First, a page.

Traveling between planets takes a really, really, really long time. But if you’re planning a multi-planet tour, it’s possible to use the gravity of one to hasten your journey. For example, by coming up on Jupiter from behind, the Voyager spacecraft were pulled along its orbital path, giving them a burst of speed and altering their trajectories toward Saturn. This “gravity assist” cut Voyager 2’s total travel time to Neptune from 30 years to 12.
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Voyager’s scientific impact has been monumental—NASA calls it “the most scientifically productive mission ever.” Its discoveries include Jupiter’s rings, 23 new outer planet moons, active volcanoes on Jupiter’s moon Io, lightning on Jupiter, and geysers on Neptune’s moon Triton. NASA also learned that Jupiter’s moon Europa likely has a liquid ocean underneath an icy surface, Saturn’s moon Titan has an Earth-like atmosphere with seas of methane and ethane, and Uranus’s magnetic poles are close to its equator.
Despite the interstellar mission feeling a bit “anticlimactic” after the thrills of the outer planets (then-mission controller Bruce Brymer likened the letdown to postpartum depression in 1989), Voyager’s more recent findings are no less remarkable. It determined the boundary of the heliosphere, the protective bubble of solar wind that encompasses the solar system, and showed there are previously unknown layers between the heliosphere and interstellar space.
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On Feb. 14, 1990, after traveling more than 4 billion miles (6.4 billion km), Voyager 1 snapped its final photos, a series of six planets and the sun known as the “Solar System Family Portrait.” Astronomer Carl Sagan poetically called Earth—barely the size of a single pixel in the image above—a “pale blue dot,” driving home how small our planet is in the universe.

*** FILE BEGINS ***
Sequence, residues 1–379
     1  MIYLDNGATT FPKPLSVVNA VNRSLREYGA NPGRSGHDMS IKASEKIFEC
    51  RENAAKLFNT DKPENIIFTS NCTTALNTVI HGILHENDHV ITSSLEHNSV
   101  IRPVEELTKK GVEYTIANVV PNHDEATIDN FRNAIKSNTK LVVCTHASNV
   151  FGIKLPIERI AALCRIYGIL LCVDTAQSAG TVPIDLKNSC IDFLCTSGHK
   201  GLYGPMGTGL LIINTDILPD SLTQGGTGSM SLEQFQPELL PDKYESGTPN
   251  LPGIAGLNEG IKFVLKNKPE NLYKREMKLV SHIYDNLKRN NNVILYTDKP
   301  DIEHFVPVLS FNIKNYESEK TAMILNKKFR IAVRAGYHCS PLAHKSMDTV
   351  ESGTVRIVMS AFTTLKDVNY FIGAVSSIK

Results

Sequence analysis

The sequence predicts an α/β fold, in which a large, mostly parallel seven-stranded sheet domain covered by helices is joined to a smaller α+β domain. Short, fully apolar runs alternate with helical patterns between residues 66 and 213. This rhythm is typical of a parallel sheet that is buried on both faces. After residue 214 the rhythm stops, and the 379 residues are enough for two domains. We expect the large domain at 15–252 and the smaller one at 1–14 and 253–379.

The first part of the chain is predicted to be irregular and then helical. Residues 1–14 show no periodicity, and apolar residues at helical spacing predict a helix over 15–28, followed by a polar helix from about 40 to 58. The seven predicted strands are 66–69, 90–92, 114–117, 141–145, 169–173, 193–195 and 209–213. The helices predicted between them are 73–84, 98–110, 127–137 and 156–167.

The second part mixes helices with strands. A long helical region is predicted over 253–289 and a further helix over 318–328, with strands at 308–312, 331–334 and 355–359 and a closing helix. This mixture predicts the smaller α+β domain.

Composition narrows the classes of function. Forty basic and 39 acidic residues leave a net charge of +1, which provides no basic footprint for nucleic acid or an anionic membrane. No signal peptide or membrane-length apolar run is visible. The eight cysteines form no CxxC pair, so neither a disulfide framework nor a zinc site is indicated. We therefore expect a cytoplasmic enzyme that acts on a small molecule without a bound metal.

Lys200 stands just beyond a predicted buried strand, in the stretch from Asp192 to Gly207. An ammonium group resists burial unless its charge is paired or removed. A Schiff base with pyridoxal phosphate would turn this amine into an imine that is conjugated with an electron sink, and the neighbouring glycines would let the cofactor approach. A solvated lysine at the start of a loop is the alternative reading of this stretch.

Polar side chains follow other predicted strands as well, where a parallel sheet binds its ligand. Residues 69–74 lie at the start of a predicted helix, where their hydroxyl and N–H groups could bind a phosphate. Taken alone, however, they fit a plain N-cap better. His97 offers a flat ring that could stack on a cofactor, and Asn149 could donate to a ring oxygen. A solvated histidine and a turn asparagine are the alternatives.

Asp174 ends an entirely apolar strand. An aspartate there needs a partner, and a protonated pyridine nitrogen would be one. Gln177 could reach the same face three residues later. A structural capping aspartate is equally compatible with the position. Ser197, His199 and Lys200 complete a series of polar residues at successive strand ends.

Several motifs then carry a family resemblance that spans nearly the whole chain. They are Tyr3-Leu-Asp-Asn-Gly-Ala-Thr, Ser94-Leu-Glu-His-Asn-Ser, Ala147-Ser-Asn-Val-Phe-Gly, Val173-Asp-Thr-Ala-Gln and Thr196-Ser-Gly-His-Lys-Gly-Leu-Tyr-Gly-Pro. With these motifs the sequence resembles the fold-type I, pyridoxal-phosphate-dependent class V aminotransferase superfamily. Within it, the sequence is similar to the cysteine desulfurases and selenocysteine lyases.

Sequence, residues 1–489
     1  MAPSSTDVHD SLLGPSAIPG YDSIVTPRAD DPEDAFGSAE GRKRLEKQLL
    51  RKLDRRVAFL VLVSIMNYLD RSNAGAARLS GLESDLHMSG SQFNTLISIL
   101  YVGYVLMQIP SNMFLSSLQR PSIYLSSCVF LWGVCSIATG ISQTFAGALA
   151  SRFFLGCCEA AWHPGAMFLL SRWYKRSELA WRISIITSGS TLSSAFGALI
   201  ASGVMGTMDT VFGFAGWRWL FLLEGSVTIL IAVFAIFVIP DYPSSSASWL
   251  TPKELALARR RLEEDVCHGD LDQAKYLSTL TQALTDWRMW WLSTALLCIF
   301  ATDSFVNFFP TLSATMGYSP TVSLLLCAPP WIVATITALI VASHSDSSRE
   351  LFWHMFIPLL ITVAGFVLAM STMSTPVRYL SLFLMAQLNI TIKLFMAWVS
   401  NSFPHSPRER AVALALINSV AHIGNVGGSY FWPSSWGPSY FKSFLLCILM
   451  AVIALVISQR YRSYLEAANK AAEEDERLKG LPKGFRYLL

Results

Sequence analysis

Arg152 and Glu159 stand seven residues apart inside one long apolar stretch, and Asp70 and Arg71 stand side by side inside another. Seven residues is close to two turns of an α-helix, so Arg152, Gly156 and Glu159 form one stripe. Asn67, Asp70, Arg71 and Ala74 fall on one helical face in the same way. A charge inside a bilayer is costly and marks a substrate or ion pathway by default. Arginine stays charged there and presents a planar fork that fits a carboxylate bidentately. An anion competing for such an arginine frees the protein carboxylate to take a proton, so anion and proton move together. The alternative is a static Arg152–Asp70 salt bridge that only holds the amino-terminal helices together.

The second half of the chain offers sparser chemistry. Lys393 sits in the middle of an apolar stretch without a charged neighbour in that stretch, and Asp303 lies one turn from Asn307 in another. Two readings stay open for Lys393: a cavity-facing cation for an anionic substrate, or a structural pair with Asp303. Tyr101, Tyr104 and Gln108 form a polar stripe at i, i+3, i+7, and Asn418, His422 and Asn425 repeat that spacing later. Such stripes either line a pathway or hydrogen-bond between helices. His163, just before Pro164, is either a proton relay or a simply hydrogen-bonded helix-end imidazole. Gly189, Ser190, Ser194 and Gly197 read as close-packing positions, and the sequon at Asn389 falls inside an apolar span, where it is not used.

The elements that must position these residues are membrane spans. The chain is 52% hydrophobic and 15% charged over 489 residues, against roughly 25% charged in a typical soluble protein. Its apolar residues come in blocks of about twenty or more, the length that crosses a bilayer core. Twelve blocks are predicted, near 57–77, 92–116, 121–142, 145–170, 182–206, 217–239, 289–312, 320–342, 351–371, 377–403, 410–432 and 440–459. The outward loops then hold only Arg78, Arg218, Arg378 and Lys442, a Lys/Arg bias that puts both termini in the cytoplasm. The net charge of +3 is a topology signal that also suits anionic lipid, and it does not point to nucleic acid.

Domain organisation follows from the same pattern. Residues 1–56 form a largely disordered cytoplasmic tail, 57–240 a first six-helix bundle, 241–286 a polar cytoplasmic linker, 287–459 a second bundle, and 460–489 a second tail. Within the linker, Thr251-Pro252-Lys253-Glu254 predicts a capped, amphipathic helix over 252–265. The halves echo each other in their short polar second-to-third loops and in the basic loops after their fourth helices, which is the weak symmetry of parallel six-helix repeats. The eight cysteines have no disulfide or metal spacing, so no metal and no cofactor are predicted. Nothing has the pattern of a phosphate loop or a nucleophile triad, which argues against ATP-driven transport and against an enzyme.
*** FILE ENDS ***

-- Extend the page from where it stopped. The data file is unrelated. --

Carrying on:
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NASA tasked Carl Sagan with crafting a message from Earth that would travel with each spacecraft. The resulting Golden Record comprises 115 images, human and nature sounds, greetings in 55 languages, messages from US president Jimmy Carter and UN secretary general Kurt Waldheim, and an eclectic selection of music—everything from traditional songs from around the world to classical standards to Chuck Berry’s “Johnny B. Goode.”
(The behind-the-scenes story of the Golden Record—featuring a Carl Sagan love quadrangle, John Lennon’s tax woes, and future rock/hip-hop producer and record executive Jimmy Iovine—is worth exploring.)
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Women working on the Voyager mission planned their pregnancies for the three- to five-year periods when the spacecraft were traveling between planets.
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Million-dollar question: When will Voyager stop working?
Given the age of the spacecraft, their continued functionality is a bit precarious. “We’re always one failure away from losing the mission,” engineer Suzanne Dodd told Wired in 2013.
Voyagers’ generators produce about 40% less energy than they did at launch. In order to continue transmitting data, the spacecraft needs heat to keep instruments from freezing and power to orient their antennas toward Earth. Voyager 1 began shutting off equipment to conserve power in 1990 and Voyager 2 followed in 1991. Ed Stone, the mission’s project scientist, said in October 2019 that the spacecraft may not be able to continue powering their instruments “in another five years or so.”
Voyager could still send engineering data after all the scientific instruments are turned off. We’ll receive the last transmissions in 2036, when the spacecraft will be too far away for Earth’s antennae to pick up their signals.